Our final finding was that, although goal setting and impulse control abilities are significant predictors of adolescentsâ€™ resilience, these self-regulation dimensions did not mediate the relationship between protective factors and resilience. This means that home, community, and peer environments exert a direct effect on resilience and not an indirect effect mediated by self-regulation. In this sense, home, community, and peer environment should be considered external factors and self-regulation should be understood as an internal factor that contributes to the development of high levels of resilience in adolescents.Limitations and Implications for Future Research and Practice
Our findings should be considered in the scope of some limitations that are present in this study. Firstly, the sampling procedure and the number of missing values limit the generalisability of the results. Future studies should use a larger and stratified sample. Secondly, there is much discussion about the adequate measures to evaluate self-regulation in adolescence. Much of the research in this domain translates models from adults to adolescents, generating theoretical and methodological discussion about the adequacy of the transposition of the measures used to assess adults to adolescentsâ€™ assessment. Despite these limitations, this might be one of the first studies exploring the mediating role of self-regulation in the relationship between protective factors and resilience.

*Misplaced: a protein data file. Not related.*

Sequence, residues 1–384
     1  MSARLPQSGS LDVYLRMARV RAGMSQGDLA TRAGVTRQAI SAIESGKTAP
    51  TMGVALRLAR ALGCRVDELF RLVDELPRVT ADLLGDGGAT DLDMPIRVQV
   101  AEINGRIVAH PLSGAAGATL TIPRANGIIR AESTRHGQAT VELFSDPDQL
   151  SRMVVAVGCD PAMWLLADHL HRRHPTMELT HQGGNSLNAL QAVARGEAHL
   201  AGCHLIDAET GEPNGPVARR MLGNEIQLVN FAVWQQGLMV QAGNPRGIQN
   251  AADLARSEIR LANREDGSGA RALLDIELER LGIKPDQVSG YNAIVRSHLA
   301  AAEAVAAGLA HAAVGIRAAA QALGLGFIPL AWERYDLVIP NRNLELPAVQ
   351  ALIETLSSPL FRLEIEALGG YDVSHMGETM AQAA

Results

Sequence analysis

These data are also particularly interesting for intervention, once they highlight the importance of an ecological intervention to promote resilience. As part of the individual intervention, resilience is a multidimensional process that should be promoted with the involvement of parents, peers, and community.Conflict of Interest
The authors of this article declare no conflict of interest.